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Happy Khambule is a climate-change activist with a law degree who aspires to shape SA environmental policy. He represents a bright, brave future for our country, and he spoke to Justin Nurse in this week’s edition of the Pied Piper Project.
What’s your story?
I’m Swazi, I’m 22 years old, and I come from Diepkloof, Soweto. As a kid I wanted to be president. I was born just when Madiba was released, and had a big poster of him in my room while growing up.
My school was something else. Either you cared about something, or you just wanted to get out. I was part of a group of kids that cared about the environment. Seeing lots of litter at school made me start caring. It took me about two years to act, though I did stop littering myself immediately. That became a snowball effect, which started with turning off lights when I wasn’t around to reading up on stuff about the environment.
When I was in Grade 12, I got involved with Ashoka Youth Ventures, which was a global project that got the youth to start thinking about social entrepreneurship and social issues that they could address in their own neighbourhoods and schools. I ended up starting a company with some fellow activists called Centigrade; we visited primary schools in order to create awareness about climate change, litter, and recycling.
I then studied law at the University of Johannesburg, and I’m now in the process of beginning my Master’s Degree in Environmental Law.
I believe that law is the best way to effect change – other than having a personal conversation with someone that allows them to internalise what you’ve said and then act accordingly themselves. If something is mandatory (like law), change will happen, whether big or small. Influencing government decision-making and steering it in an environmentally friendly direction, through legislation, is what appeals to me in terms of a vocation.
I’m also passionate about people. For me, it’s all about people being able to live on. It’s about finding ways for people to be able to survive and then prosper, and for us to start limiting the damage.
Project 90 by 2030
I’m involved as a schools club co-ordinator in Gauteng for Project 90 by 2030, which showcases renewable energy sources at various demonstration sites around the country, which are basically spaces where you can see renewable energy at work. For example, the Two Oceans Aquarium has a wind turbine that generates electricity, and there are others at the Tshwane and Pretoria zoos.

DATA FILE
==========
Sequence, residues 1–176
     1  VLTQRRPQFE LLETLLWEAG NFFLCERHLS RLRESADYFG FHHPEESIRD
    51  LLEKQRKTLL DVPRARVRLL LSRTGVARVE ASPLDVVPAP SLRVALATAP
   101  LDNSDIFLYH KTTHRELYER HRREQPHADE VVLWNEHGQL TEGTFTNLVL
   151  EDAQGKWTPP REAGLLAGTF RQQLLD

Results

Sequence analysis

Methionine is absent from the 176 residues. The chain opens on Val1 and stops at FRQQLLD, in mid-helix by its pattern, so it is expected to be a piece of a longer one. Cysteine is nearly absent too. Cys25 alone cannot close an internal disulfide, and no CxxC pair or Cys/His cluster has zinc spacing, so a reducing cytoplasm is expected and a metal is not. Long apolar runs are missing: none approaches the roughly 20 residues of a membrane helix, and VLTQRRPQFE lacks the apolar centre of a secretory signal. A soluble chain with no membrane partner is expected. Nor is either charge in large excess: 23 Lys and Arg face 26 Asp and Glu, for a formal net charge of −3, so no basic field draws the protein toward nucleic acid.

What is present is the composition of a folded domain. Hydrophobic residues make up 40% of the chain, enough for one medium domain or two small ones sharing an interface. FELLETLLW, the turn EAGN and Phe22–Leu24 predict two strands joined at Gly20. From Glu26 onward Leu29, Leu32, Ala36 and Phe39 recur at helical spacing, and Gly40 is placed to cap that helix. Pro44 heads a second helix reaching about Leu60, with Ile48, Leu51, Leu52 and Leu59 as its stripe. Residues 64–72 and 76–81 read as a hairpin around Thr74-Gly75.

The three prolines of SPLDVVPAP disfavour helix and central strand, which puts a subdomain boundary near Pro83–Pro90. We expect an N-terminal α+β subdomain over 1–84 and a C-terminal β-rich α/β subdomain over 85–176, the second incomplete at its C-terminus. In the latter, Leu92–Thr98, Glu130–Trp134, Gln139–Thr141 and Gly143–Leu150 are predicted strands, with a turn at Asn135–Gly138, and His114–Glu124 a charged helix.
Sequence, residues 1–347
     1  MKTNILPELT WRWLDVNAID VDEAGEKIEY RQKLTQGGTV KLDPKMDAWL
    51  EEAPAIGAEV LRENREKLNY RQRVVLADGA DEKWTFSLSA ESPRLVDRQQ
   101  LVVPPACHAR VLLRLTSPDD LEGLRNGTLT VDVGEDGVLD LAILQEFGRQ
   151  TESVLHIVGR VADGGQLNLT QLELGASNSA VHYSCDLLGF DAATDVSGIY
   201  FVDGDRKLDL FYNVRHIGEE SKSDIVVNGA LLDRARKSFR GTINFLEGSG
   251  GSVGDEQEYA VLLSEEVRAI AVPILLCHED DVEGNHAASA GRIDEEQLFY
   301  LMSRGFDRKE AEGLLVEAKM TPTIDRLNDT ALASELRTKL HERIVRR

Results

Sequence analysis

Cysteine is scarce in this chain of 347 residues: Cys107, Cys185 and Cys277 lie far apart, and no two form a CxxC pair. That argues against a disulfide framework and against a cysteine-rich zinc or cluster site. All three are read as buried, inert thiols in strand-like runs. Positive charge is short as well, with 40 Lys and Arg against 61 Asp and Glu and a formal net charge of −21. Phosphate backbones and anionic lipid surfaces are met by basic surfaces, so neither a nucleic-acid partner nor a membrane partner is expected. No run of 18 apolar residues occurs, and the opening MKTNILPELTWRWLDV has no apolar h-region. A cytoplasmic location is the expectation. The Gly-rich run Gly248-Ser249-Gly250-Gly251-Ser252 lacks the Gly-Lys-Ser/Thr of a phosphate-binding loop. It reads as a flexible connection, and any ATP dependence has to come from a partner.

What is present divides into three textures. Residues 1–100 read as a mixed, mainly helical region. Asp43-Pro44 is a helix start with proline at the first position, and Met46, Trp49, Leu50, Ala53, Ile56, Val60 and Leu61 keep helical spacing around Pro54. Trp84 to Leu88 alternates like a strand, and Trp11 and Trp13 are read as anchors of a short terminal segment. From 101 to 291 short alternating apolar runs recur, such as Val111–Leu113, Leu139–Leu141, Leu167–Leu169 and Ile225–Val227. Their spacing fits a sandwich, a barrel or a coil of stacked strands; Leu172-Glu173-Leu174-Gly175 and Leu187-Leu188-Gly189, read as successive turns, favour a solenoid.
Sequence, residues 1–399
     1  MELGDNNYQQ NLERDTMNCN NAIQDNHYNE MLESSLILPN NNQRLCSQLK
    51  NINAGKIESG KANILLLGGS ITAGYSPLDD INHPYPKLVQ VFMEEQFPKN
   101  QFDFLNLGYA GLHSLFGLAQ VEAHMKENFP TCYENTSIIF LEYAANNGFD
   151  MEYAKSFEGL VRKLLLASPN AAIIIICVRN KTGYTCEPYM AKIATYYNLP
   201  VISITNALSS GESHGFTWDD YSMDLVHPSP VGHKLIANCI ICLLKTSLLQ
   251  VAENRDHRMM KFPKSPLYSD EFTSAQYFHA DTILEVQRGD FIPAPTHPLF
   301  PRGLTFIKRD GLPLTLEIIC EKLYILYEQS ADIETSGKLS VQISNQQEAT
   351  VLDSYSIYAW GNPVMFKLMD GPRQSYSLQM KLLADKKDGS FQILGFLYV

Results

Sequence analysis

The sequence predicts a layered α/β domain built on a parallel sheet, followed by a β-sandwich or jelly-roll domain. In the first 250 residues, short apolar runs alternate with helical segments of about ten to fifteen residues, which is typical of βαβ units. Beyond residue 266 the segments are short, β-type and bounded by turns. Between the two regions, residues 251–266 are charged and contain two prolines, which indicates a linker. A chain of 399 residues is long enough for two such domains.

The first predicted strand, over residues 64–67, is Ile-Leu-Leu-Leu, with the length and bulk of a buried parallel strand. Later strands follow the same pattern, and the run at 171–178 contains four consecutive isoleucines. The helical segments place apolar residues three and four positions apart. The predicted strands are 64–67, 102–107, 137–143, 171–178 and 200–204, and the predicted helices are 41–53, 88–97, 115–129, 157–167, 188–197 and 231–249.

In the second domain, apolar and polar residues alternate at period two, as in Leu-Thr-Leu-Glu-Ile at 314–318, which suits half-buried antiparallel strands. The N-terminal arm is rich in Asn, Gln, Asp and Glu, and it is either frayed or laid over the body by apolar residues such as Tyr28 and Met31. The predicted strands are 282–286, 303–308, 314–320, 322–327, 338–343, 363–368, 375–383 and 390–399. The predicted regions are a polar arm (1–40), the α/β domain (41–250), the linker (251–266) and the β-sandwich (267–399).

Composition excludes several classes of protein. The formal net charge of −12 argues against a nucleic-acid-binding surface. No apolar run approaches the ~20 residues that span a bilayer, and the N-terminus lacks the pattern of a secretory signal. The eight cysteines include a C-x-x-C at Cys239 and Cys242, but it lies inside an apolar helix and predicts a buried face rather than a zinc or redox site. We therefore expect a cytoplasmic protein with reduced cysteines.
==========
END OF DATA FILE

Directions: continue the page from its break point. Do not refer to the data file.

Our mission is to share positive climate-change stories, and show how inspiring change can lead to behavioural change, which then leads to a greener, more energy-efficient lifestyle change.
What’s the government doing about climate change?
Not enough. They’re caught between a rock and a hard place – specifically when you talk about energy and water.
If there were more people like me that were involved – passionate about the environment, while also understanding law – then there could be way more traction.
The two biggest issues facing us in SA are energy and water. Acid mine drainage means that we’ll soon have a water shortage.
But we still believe that water is abundant and so don’t yet treat it as the precious resource it is. That’s really worrying.
Do you enjoy what you’re doing?
I love it. Chatting to schools and getting involved in environmental activism was my form of escapism from the monotony of university lectures, assignments and exams. I get a kick out of seeing change happen, and knowing that I’m personally a part of that change. Other people’s lives also impact on mine – whether it’s a conglomerate doing fracking or someone burning coal in a shack. So I try to play my part in creating awareness of the alternatives.
Are you proudly South African?
Hell yeah! I like to refer to former president Thabo Mbeki’s speech “I am an African”, and then take it down a notch to “I am a South African”. It’s amazing being in a country where so much has been done in such a small amount of time, and so much still has to be done. There’s so much diversity, and the interaction between people here is amazing.
Do you consider yourself a leader?
I consider myself part of a movement. Part of a generation that is doing something. We live in an age where everything is being rediscovered, and my peers that studied law and accountancy aren’t becoming lawyers and accountants. They are doing something related maybe, but outside of that specific career field, something more aligned with their passions. We are more than our careers, more than what we study.
Are you hopeful?
History has shown us that at the point of impending danger or disaster, humans always come together and come up with amazing ideas. From founding the UN during times of war through to combating HIV/Aids in times of disease, when we get to that tipping point, we will innovate. When I see someone reaching for their dreams, happy in what they are doing and happy with who they are, that inspires me. It fills me with a sense of joy and hope.
Please visit: www.ashoka .org/youthventure and check out Project 90 by 2030 at www.90x2030.org
* Justin Nurse is a freelance journalist and founder of Laugh It Off